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At the Intel Developer Forum in San Francisco on Tuesday, Intel CTO Justin Rattner invited Google engineer Luiz Barroso on stage to call for more efficient PC power supplies.
Noting that the power supply is often the component that consumes the most energy in current PCs, Barroso highlighted findings from a newly published Google white paper.
The paper, "High-efficiency power supplies for home computers and servers," by Google engineers Urs Holzle and Bill Weihl, states that Google has managed to increase the typical efficiency of power supplies from 60 to 70% to at least 90% efficiency, reducing lost energy by a factor of four.
Barroso and other Google engineers believe that home computers can be made just as efficient as Google servers. Toward that end, Google, Intel, and other partners are proposing a new power supply standard. Assuming the new power supply design gets deployed across 100 million PCs running an average of eight hours a day, Google estimates a savings of 40 billion kilowatt-hours over three years, which translates to $5 billion at current California energy rates.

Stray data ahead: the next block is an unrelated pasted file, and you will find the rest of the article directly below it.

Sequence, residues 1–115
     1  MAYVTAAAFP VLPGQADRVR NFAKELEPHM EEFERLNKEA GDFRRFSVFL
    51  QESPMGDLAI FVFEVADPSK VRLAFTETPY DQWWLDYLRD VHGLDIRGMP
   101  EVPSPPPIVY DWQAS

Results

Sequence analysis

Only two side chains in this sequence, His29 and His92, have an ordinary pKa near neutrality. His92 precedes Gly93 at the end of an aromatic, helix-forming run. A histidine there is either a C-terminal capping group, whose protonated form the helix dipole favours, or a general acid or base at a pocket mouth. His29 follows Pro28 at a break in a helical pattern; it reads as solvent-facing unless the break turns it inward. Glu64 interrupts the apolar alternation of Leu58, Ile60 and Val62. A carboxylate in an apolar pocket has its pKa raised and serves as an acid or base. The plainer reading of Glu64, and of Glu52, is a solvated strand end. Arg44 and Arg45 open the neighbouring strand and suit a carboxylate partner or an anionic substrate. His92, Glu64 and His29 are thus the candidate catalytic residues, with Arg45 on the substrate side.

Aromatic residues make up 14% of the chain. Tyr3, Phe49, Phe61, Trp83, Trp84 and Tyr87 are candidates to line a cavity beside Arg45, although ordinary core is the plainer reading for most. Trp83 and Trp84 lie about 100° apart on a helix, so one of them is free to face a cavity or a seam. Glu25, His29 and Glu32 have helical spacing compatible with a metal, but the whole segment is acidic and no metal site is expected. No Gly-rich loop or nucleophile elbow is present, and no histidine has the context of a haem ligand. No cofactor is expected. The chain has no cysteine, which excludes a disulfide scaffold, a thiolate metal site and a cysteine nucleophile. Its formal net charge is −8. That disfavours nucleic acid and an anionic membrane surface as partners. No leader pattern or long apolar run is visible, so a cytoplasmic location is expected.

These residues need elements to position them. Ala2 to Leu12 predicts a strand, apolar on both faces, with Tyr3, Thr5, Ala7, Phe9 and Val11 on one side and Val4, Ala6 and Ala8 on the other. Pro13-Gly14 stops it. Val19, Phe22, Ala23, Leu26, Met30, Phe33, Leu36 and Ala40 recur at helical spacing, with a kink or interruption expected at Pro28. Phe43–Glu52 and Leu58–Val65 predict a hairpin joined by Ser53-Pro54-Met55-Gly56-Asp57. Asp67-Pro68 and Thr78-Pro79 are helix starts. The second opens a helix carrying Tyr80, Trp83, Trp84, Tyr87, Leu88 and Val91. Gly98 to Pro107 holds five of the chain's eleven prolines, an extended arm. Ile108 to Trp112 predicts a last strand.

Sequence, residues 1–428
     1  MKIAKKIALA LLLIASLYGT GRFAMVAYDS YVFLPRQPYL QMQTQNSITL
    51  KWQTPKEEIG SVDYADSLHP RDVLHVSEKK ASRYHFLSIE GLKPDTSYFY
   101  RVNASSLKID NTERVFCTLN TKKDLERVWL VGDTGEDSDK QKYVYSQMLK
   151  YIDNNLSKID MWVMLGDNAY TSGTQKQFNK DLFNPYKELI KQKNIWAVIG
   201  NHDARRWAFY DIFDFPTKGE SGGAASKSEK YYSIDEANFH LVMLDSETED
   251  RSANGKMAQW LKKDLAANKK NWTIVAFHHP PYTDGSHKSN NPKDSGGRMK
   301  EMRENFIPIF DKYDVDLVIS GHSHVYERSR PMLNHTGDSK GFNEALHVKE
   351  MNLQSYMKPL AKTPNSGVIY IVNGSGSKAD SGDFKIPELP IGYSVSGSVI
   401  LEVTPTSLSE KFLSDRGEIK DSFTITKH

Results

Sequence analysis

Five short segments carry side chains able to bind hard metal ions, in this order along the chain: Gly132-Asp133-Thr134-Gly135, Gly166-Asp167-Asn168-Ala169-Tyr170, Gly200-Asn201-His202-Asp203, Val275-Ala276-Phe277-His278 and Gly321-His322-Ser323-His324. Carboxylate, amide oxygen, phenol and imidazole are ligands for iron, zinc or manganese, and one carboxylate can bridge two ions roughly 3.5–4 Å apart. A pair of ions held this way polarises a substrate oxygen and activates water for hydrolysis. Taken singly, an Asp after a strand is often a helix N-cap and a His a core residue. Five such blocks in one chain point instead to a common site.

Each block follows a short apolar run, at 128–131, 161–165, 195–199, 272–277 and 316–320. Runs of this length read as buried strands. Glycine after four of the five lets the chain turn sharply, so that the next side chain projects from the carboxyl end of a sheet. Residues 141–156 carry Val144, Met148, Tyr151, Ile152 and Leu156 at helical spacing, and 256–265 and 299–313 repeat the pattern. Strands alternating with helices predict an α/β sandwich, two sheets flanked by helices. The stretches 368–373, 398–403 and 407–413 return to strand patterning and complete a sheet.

The problem with today's power supplies, according to the paper, is that they were designed to provide multiple output voltages. In 1981, chips needed this, but not today. Yet because power supply designs haven't changed, power supplies continue to be overprovisioned and inefficient.
Google servers, and the new PC standard Google is proposing, use a simplified 12V power supply that generates a single voltage. When certain motherboard components require something different, the power can be modulated using voltage regulator modules.
Google estimates 85% energy efficiency can be achieved at virtually no cost, while spending about $20 more for higher quality components can lead to over 90% efficiency.